I truly believed when the Chicago Cubs won the World Series in 2016 we'd find world peace, discover a cure for cancer, money would grow on trees, and we could eat what we wanted without any consequences. I really did.
The Chicago Cubs became "official" in 1903 and their first game at the holy land of ball parks, Wrigley Field, was in 1916. They won the World Series in 1907, 1908, and 2016. That is an amazing 108 years between titles. If a person was born in 1909, one year too late, they would have to live 106 years to see the Cubs win it all. How many people do you know that are 106?
Over the course of the Cubs' career, they retired 7 numbers, never had a pitcher throw a perfect game, and their all time record is 10,729-10,207. But throughout their history as "The Lovable Losers," all of the horrors of seasons past were erased when Joe Maddon managed the 2016 Cubs to a World Series Championship. In typical Cubs style, it took a rain delay, numerous lead changes, and culminated with Miguel Montero's game winning single to left for an 8-7 win over the Indians in 10 innings. Mike Montgomery recorded his first ever save to close it out.
As for this list, we will be focusing on a mixture of former Cubs players who were either great with the club or disappointments but the common denominator is that you may have forgotten these guys played for the Cubs.
15 Nomar Garciaparra
Believe it or not, there was actually a time where people would argue whether Derek Jeter or Nomar Garciaparra was the better player. The Boston Red Sox sure enjoyed having him through his prime, but the Sox made a three-team trade with the Cubs that landed the Cubs Nomar. His play would dip very quickly in Chicago and he would only play with the Cubs for two years, before moving on to Los Angeles. Since retirement, Garciaparra has been announced as a part-investor in the coming expansion MLS team Los Angeles F.C. He has also been inducted into the Red Sox hall of fame, but don't expect him to be enshrined at Wrigley any time soon.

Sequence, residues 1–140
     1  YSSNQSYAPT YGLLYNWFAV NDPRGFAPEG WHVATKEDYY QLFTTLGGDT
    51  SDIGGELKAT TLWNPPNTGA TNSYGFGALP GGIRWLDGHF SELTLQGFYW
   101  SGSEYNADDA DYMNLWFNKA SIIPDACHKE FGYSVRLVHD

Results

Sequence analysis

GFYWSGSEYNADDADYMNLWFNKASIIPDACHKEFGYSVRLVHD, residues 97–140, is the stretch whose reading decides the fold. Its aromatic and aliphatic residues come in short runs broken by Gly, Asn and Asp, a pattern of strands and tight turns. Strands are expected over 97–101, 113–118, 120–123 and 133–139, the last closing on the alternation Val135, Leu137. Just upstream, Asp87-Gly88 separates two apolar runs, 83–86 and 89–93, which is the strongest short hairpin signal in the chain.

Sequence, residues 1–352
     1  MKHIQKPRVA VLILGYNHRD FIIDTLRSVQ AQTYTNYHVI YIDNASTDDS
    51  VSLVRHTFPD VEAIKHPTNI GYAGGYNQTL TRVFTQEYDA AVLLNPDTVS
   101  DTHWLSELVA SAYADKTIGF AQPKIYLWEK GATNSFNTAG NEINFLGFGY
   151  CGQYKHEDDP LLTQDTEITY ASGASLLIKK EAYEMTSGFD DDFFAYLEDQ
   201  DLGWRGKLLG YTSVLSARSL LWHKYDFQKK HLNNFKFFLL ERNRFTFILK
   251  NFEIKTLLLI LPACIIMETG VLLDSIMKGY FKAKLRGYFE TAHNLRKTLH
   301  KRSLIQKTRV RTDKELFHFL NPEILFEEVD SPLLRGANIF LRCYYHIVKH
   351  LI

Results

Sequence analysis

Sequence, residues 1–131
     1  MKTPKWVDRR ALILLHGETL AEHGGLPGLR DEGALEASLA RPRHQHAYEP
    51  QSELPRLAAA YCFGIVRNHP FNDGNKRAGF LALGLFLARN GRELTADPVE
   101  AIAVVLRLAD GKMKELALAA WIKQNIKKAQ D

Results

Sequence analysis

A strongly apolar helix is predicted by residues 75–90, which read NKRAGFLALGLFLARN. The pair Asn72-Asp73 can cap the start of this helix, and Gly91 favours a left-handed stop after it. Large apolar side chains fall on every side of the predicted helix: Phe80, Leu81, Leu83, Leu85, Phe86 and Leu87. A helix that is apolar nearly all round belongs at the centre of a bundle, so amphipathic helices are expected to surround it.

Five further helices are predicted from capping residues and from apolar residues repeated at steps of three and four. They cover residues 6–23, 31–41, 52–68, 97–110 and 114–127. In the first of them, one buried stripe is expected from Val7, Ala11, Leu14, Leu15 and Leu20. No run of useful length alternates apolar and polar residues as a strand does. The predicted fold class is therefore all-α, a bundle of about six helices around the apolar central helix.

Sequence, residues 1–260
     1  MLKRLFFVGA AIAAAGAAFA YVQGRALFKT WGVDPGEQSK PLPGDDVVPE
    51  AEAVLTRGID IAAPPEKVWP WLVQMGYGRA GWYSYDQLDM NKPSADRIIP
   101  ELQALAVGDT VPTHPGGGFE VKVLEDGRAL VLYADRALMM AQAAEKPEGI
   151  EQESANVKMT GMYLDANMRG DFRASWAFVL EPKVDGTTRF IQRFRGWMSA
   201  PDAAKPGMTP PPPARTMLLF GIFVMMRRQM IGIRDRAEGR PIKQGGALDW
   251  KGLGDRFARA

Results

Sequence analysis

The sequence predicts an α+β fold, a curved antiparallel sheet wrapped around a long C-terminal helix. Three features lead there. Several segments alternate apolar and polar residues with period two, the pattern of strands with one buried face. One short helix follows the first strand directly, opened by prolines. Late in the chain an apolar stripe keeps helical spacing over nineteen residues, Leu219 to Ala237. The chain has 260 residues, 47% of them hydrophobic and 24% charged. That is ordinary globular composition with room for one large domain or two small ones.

14 Leon Durham
"The Bull" played for the Cubbies from 1981-1988 and was a two time All Star who played 1st base and left field. He hit over 20 homers 4 times, and was a solid offensive player who also stole some bases. He became part of the "Lovable Losers" lore during the 1984 NLCS vs. the Padres, when with a trip to the World Series on the line, pinch hitter Tim Flannery's grounder rolled through Durham's legs for an error that "cost" them the series. It became known as "The Gatorade Glove Play" because between innings, Gatorade was spilled on his glove. It was another moment in a long history of "strangeness" where the club's futility would continue.
After retiring, Durham coached the Toledo Mud Hens for 17 years, but he's back in the "bigs" as a coach with the Detroit Tigers.
13 Shawon Dunston
Dunston was a shortstop, 3rd baseman, and the first New Yorker to be taken first overall (by the Cubs), in the 1982 draft. He was a part of the 80's teams that gave the Cubs hope to win the world series, especially in 1989, when he became an All- Star and was a key contributor to their march to the NL East Division title. He batted .278, hit 20 doubles, 6 triples, 9 homers, and stole 19 bases. But like many of the Cubs of that era, Dunston seemed to have all the tools but couldn't put it together. He had a great arm and range in the field, speed, and a sweet cut, but injuries and errors interfered with his potential. He is still in baseball, and for the past 8 seasons he's been with the Giants, studying replay video as a special assistant.
12 Jody Davis
Any Cub fan worth his weight knows someone who knows the name of this fan favorite who caught for the Cubs between 1981- 1988. He was the Cubs starting catcher from day 1, and was a solid offensive catcher. As just a sophomore, he batted .271, hit 24 homers, and knocked in 84. In 1984, the big "righty" had 94 RBI, made his first All-Star appearance, and was a key piece of that National League East winning team. He also had a monster playoff despite the nightmare in San Diego. His defense, which was spotty during those years, started to improve and in 1986 he led National League catchers in throwing out base stealers. He won a gold glove, was an All-Star, and his 100 assists put him in elite company with some of the best catchers in history such as Johnny Bench and Tony Pena.
After he hung 'em up, Jody managed in the Canadian League and for the Cubbies minor League teams. Currently, he is a hitting coach for the El Paso Chihuahuas, the Padres AAA farm team.
11 Mark Grace